comscore Kohala kids prove Wall Street worth | Honolulu Star-Advertiser

Kohala kids prove Wall Street worth

  • Teacher Connie Green

It seems that sixth-graders Keelee Thering, James Apostadiro and Troy Emeliano, from Kohala Middle School on Hawaii island, have figured out a way to beat the market. At least in the short term.

Over the past 10 weeks, their team’s virtual investment portfolio increased 4.95 percent in value as they competed against students across the state in the Hawaii Stock Market Simulation. Pretty impressive considering the Standard & Poor’s 500 index only went up 0.60 percent during that same period.

The Hawaii SMS is an interactive program that helps Hawaii students learn how the U.S. market system works. The spring simulation ran from Feb. 7 through April 15. Teams of two to four students each invested a hypothetical $100,000 in stocks, bonds and mutual funds over this 10-week period.

Kohala sixth-grade teacher Connie Green first became acquainted with the Hawaii Stock Market Simulation through an HCEE-sponsored training for teachers in 2006. Since then she has used the game to help teach economic concepts to all ages of students from third grade up to eighth grade.

"It is an excellent teaching tool," she said. "Students love to get involved because learning is presented within a fun, interactive format."

Teachers use the SMS to incorporate economics, finance, current events, math, social studies and technology in the classroom. The interactive, team format promotes collaboration and strengthens students’ computer and Internet skills. Participation encourages students to think about setting goals and saving the money they need to reach those goals.

Green found that it was beneficial to do most of the trading at school so that she could monitor the students and offer advice. She was able to use the desktop computers in her classroom and borrow enough laptops from other teachers so that each team could have access to its own computer. She also used an interactive whiteboard to demonstrate how to navigate the SMS site.

Since many families don’t have Internet access at home, Principal Janette Snelling has worked tirelessly to improve Kohala Middle School’s technology capabilities. She has written numerous grants to purchase computers. She strongly believes in the importance of providing state-of-the-art connections for students at school in order to prepare them for their future.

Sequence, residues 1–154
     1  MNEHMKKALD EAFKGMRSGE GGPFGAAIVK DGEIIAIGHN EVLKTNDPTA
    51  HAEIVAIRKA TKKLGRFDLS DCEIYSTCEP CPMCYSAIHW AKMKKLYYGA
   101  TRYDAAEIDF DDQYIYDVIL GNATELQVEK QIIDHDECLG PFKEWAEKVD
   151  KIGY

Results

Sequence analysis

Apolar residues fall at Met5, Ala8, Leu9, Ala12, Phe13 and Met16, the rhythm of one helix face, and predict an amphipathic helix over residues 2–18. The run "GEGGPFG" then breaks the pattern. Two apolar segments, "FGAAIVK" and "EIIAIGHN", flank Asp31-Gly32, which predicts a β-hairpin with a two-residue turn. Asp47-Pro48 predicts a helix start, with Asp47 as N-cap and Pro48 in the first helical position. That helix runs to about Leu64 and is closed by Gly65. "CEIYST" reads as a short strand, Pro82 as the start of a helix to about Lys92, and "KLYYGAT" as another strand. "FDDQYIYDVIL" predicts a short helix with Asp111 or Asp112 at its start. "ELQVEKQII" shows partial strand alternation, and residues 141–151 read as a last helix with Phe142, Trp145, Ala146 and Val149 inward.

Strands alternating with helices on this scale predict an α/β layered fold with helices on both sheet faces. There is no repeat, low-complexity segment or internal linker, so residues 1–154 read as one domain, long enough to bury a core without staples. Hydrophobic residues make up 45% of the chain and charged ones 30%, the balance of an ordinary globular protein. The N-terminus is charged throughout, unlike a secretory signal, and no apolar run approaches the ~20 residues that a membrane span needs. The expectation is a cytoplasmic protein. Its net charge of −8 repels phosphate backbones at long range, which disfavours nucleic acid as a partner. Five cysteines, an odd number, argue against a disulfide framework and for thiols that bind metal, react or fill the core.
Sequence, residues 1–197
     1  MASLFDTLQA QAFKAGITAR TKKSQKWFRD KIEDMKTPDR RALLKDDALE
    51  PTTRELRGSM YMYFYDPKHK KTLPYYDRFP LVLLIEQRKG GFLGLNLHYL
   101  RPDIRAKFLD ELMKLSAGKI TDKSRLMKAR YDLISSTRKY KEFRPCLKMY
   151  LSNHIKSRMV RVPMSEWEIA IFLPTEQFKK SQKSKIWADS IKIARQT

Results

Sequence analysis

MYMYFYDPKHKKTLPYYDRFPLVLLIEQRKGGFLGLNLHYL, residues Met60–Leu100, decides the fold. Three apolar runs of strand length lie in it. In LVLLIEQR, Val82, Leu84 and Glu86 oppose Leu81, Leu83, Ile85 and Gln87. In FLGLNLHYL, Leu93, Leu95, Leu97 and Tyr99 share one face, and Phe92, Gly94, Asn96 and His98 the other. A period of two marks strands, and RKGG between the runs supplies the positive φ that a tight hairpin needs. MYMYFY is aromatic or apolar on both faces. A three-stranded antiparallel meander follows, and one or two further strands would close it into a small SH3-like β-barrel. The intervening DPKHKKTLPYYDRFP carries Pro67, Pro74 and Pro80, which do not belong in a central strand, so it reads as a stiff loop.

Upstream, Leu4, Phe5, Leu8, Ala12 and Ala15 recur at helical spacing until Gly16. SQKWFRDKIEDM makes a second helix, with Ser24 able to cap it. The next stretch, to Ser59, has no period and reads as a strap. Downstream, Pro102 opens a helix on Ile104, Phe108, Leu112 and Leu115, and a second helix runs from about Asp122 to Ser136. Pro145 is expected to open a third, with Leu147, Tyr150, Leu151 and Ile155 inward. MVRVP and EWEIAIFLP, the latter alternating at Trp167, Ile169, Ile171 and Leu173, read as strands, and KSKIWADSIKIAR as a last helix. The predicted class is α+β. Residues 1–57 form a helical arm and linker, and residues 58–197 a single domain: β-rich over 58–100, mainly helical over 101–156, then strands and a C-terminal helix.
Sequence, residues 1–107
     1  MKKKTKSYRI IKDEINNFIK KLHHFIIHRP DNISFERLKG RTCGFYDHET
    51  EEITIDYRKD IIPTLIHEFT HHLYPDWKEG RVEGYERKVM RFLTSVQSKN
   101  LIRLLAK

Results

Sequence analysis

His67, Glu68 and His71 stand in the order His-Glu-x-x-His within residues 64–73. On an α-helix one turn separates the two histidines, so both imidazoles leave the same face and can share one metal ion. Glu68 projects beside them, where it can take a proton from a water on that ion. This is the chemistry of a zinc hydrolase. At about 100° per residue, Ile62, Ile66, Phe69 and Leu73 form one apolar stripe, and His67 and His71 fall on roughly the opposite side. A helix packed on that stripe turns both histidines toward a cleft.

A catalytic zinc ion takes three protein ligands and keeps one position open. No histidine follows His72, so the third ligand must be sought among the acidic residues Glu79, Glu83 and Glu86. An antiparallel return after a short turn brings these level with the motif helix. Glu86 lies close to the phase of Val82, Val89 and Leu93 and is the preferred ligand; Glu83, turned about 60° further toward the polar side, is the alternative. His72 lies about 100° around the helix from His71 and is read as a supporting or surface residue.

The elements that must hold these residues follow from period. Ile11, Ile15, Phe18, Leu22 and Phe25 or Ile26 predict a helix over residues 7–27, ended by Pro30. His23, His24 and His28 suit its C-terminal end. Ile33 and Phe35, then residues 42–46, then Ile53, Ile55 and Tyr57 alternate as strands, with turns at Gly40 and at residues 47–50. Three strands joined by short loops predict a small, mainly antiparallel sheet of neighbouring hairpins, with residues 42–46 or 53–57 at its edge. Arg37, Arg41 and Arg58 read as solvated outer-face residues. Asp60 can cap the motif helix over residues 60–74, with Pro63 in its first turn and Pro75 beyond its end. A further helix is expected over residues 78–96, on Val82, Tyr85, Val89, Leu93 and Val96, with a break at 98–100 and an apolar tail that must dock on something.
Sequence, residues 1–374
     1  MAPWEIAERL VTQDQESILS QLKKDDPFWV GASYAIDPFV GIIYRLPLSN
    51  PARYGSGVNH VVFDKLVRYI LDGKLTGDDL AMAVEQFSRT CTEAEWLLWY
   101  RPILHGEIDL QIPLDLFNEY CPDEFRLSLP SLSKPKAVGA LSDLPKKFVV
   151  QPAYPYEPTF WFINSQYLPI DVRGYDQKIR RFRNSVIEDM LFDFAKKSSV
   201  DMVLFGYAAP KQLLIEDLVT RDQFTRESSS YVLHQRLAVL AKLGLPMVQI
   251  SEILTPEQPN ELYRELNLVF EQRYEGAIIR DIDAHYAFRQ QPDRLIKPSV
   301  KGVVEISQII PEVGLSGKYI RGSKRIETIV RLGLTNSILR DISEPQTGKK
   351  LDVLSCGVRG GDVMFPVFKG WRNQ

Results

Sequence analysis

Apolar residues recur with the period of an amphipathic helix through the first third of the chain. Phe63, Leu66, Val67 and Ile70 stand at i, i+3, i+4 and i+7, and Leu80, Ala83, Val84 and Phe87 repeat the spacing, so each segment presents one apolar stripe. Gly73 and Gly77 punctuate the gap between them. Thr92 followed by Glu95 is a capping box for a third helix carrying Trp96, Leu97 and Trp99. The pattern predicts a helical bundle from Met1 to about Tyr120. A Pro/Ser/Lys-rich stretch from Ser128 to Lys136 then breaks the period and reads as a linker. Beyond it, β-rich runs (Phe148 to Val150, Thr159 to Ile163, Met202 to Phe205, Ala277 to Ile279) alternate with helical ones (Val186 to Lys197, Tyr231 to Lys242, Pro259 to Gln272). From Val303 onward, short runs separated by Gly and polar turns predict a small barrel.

Students kept notebooks and charts to map their prog­ress as they invested. Keelee said that initially their team chose the most expensive and well-known names they knew. But Troy interjected that he also liked to analyze graphs and charts to see how different stocks were performing. Through research the students did notice trends.

Their basic strategy for limiting losses? When a stock started to go down for a couple of days straight, they sold most of it off.

"We also bought a wide variety (of stocks) because Ms. Green talked about a diversified portfolio," added James. Some of their top performers over the 10-week simulation Costco (+10.24 percent), Bank of America (+19.06 percent) and Game­Stop Corp., whose stock increased in value by a whopping 32.44 percent.

Green loves teaching the economics unit in her classes. Not only is it fun and exciting for the students, but she learns a lot from the experience each semester as well.

"In my own education, growing up, I did not have much economics instruction," she admitted. "I began learning about investing rather late in life."

She realizes now that financial security is essential for a successful life and plans lessons to give her students a basic overview of economics and investing principles.

How did these students react to the news that their team had won the Elementary/Middle School Division?

"We ate trail mix and cookies as a celebration," reported Keelee. All three students report that their parents are excited and proud that they won — as they should be.

HCEE is a statewide partnership of business, labor and education. It is an independent, nonpartisan, nonprofit, 501(c)3 educational organization. The council’s mission is to promote and improve the teaching of economics in Hawaii’s public and private schools and increase the economic and financial literacy of Hawaii’s students and residents.


Ellen Morrison is program manager for the Hawaii Council on Economic Education.

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